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Clams of the White Sea: ecological and faunistic analysis
Naumov, A.D. (2006). Clams of the White Sea: ecological and faunistic analysis. Explorations of Fauna of the Seas, 59(67). Russian Academy of Sciences: St. Petersburg. ISBN 5-98092-010-2. 351, XII plates pp.
Part of: Explorations of Fauna of the Seas. Russian Academy of Sciences: Leningrad. ISSN 0386-077X, more
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  • Naumov, A.D.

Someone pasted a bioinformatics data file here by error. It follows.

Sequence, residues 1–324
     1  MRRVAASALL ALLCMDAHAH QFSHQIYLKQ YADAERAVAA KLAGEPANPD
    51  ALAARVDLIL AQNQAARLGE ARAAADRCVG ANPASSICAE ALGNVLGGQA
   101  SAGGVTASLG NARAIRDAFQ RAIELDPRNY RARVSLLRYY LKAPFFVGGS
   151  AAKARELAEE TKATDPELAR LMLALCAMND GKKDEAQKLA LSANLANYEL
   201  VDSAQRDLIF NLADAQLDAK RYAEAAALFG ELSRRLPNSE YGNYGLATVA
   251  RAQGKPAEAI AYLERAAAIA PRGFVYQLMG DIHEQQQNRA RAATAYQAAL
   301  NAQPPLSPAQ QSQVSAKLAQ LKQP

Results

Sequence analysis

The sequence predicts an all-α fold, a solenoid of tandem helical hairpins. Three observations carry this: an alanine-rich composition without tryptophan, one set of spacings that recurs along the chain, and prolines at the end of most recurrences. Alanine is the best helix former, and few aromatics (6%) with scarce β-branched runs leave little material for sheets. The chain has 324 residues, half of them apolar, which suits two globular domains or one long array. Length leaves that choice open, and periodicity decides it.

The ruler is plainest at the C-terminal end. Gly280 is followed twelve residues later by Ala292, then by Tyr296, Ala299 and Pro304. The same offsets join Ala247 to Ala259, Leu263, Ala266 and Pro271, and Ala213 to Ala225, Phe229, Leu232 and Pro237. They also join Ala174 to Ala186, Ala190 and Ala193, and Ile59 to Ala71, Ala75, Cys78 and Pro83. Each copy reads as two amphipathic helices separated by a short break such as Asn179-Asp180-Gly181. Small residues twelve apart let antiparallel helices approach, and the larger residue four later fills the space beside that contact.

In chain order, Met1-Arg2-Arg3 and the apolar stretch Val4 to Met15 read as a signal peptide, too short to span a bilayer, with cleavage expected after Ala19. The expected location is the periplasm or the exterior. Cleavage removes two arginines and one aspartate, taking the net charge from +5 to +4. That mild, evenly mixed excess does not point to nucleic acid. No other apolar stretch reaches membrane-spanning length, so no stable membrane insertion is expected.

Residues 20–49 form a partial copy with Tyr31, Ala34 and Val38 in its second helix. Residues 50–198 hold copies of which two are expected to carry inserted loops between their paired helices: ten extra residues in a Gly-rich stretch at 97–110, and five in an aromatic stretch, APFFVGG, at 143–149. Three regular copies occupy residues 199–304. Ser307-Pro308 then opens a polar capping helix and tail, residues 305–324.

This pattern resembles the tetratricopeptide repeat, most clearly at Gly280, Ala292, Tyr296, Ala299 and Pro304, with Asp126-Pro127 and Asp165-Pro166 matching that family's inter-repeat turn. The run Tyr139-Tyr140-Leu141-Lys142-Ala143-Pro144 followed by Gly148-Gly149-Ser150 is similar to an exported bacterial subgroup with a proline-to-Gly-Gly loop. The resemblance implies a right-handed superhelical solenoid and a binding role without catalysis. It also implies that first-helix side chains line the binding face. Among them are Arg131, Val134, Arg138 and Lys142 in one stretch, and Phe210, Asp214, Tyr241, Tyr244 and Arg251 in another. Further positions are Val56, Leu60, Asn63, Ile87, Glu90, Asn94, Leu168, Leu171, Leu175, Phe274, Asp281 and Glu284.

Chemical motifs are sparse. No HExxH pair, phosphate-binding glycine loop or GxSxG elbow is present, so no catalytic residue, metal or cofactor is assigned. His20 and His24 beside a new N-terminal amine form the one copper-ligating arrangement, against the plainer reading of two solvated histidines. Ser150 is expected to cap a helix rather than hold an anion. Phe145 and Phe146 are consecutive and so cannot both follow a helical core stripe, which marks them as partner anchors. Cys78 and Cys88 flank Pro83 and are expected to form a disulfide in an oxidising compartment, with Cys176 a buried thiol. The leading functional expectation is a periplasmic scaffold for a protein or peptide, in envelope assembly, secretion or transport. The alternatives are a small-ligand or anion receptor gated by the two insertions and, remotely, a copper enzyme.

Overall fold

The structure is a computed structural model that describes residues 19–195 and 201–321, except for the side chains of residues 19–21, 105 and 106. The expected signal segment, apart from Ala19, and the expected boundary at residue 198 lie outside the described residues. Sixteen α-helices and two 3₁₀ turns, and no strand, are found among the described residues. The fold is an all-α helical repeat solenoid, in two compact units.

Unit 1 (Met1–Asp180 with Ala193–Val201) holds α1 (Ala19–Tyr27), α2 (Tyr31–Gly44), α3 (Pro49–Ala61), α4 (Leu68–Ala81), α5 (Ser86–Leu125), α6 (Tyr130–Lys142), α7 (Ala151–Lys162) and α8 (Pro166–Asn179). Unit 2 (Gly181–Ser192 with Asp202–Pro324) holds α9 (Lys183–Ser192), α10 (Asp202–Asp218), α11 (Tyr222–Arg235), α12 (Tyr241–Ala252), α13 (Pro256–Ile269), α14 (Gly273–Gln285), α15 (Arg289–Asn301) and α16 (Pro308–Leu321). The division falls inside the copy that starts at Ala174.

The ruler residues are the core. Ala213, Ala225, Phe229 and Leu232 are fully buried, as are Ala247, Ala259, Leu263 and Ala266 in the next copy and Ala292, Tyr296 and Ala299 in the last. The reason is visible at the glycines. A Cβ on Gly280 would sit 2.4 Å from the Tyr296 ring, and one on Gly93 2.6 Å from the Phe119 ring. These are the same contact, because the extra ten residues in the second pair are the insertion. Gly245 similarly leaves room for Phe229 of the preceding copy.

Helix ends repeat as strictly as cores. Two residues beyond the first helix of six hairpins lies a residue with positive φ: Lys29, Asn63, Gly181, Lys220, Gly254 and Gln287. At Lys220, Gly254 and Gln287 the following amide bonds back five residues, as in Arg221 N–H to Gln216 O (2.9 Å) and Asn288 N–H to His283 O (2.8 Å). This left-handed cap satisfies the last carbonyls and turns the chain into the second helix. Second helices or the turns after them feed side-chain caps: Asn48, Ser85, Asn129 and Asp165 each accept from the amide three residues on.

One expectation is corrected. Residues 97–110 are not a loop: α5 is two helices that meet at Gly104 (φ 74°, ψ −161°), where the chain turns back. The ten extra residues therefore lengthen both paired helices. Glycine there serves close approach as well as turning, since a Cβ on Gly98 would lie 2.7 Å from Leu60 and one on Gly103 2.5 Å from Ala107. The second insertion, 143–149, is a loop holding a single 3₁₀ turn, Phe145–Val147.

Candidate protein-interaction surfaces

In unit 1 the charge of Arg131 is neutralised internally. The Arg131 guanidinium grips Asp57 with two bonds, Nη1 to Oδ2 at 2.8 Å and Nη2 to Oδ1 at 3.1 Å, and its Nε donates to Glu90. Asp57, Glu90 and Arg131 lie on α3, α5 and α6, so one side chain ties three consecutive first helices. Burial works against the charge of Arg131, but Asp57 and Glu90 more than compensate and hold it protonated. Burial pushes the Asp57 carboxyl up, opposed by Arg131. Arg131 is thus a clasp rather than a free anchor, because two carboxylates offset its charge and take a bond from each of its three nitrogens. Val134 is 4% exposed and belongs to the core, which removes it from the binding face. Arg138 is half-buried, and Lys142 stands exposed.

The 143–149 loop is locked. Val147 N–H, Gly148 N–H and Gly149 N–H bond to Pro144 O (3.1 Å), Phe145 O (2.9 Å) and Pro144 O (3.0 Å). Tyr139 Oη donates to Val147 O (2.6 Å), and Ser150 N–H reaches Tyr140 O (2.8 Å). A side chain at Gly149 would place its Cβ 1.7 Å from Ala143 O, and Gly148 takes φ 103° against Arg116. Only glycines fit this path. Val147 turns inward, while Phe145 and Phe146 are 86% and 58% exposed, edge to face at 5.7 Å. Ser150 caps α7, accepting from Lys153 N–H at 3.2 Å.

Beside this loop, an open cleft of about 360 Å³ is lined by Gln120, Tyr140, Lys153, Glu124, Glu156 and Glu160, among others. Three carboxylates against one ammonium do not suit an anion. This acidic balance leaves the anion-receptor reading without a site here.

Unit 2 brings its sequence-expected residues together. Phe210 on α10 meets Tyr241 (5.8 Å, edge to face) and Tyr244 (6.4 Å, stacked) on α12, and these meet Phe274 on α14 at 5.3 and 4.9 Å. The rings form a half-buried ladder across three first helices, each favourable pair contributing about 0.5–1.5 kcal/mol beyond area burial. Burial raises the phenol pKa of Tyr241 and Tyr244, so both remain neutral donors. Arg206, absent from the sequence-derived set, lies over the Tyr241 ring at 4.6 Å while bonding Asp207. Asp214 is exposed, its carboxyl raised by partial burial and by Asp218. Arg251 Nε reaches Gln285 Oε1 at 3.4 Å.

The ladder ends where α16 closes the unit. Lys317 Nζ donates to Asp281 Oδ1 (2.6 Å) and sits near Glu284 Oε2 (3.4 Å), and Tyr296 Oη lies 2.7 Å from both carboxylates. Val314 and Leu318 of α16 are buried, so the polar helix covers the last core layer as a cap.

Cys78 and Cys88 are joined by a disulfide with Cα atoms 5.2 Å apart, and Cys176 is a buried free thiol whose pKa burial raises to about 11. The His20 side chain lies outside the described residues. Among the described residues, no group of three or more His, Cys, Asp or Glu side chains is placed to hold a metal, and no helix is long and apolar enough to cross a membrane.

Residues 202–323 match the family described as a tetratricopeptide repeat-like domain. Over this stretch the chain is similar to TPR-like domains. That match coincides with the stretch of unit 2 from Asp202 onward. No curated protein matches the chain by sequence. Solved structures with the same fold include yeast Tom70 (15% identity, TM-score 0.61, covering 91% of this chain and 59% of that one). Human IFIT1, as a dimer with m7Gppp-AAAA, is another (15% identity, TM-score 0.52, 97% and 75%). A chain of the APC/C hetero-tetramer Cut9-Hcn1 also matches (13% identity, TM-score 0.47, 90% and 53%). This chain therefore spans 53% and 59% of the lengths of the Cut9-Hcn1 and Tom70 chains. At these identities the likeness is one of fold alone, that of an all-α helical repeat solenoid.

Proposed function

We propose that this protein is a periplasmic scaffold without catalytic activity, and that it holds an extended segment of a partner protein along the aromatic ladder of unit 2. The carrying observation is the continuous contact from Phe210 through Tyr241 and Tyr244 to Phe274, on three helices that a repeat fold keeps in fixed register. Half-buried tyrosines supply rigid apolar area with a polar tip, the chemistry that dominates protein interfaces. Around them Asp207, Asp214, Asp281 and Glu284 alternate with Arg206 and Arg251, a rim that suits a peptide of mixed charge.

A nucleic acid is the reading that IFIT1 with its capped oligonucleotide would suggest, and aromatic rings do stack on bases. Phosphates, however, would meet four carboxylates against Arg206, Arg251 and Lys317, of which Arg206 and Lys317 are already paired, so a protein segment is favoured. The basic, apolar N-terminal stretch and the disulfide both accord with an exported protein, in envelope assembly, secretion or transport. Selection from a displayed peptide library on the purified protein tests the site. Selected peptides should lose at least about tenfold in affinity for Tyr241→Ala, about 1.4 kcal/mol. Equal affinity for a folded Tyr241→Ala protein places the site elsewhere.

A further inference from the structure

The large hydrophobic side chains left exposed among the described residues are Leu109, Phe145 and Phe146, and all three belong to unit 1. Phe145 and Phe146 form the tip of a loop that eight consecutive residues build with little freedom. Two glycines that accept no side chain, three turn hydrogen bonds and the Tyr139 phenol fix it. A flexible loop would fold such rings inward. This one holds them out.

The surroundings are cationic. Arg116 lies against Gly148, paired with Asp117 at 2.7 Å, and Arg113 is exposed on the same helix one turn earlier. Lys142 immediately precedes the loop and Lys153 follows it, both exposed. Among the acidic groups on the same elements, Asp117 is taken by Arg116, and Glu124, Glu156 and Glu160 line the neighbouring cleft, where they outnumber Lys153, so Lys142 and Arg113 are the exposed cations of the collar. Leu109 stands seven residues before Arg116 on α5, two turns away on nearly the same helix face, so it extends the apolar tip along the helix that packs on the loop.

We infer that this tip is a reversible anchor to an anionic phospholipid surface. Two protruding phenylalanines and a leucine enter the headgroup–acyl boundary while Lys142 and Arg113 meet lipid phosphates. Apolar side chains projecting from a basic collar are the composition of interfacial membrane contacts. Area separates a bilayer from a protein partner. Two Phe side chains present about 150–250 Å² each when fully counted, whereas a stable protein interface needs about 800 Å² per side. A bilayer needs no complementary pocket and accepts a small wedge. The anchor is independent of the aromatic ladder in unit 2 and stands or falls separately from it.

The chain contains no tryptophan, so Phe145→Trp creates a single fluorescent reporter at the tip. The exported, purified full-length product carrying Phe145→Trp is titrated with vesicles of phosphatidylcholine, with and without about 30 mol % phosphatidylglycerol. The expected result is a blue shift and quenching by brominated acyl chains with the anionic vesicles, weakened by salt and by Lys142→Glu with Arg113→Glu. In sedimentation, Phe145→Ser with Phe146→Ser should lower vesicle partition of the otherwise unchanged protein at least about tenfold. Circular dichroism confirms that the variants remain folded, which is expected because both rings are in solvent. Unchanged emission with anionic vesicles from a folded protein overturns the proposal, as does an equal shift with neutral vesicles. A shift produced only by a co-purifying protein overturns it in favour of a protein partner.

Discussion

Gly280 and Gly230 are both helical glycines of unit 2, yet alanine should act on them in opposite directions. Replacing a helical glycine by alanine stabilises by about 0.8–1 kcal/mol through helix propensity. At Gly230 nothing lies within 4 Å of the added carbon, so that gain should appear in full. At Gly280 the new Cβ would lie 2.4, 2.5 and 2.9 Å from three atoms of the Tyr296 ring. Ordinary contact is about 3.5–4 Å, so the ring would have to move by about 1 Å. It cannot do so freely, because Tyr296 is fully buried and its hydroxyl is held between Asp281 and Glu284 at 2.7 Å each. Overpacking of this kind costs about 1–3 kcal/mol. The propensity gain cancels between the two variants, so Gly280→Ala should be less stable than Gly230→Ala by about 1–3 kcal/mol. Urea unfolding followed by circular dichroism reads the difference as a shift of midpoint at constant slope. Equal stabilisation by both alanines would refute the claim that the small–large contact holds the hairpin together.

A natural border should be found for any waterbody to define its fauna. Such a boundary is expected along the line of maximum gradients of environmental characteristics if the waterbasins are connected to another one. According to conducted analysis of water structure and water current peculiarities (Naumov, Fedyakov, 1991, a), a narrow area in the White Sea fits this condition. It lies in the northern open part of the sea where Barents Sea waters are mixed with White Sea waters in equal proportion between the mouths of Ponoy and Shoyna Rivers in the middle part of Voronka Strait (Fig. 18). It was also found out that a number of Barents Sea species do not spread southward behind this line (Naumov et al., 1987; Naumov, Fedyakov, 1991, a). It allows drawing the faunistic border of the White Sea within the area of oceanographic boundary mentioned above. Thus, Derjugin’s (1928) opinion of the White Sea independency was confirmed once more. The White Sea is an individual waterbody with its own features of hydrological regime and its own fauna, different from fauna of other seas. The revision of clam species composition was needed after the introduction of clarity into the faunistic boundary of the White Sea. Two species: Yoldiella intermedia (M. Sars) and Macoma torelli (Steenstrup) were excluded because they were encountered only in the northern part of Voronka Strait northward of the faunistic border. Furthermore, it was discovered that no living specimens were found in the White Sea among some species previously included by different authors in the list of the White Sea bivalve mollusks. This concerns Portlandia aestuariorum (Mossewitsch), Bathyarca glacialis (Gray) and Zirphaea crispata (Linnaeus). The majority of modern malacologists consider Mya pseudoarenaria (Schlesch) as a synonym of Mya (Mya) truncata (Linnaeus) and Lyonsia schimkewitschi Derjugin, Gurjanova as a synonym of Lyonsia arenosa (Møller), so they also should be excluded from the White Sea fauna. Some authors include the Pacific mussel Mytilus trossulus Gould in the White Sea clam list. They do this because in several specimens of the White Sea mussels colouration and shell structure near the ligament edge resemble those found in Pacific individuals. Such point of view cannot be accepted, since neither biochemical nor physiological data confirm it. Lastly, Yoldiella frigida (Torell) was added to the White Sea fauna due to mistaken perusal of the original label during writing down the data into the catalogue of the Zoological Institute basic collection. Yet, a new species for the White Sea bivalve fauna Yoldiella nana (M. Sars) was found during our investigations (Naumov et al., 1987). Besides, it has been ascertained that there are two species of genus Hiatella in the White Sea, not one, as it was considered before. Seemingly, species composition of the White Sea bivalve mollusks is studied almost completely. At the moment, 39 species belonging to 30 genera, 20 families, 7 orders and 3 subclasses represent the White Sea fauna of this taxon. Theoretical calculations using the original method of the total species number in a regional fauna estimation (Naumov et al., 1986, a) show an opportunity to discover two or three extremely rare species in the future. Thus, it should be claimed, that inventory of the White Sea clams is almost finished; further investigations hardly can enlarge the species list within the framework of methods used.

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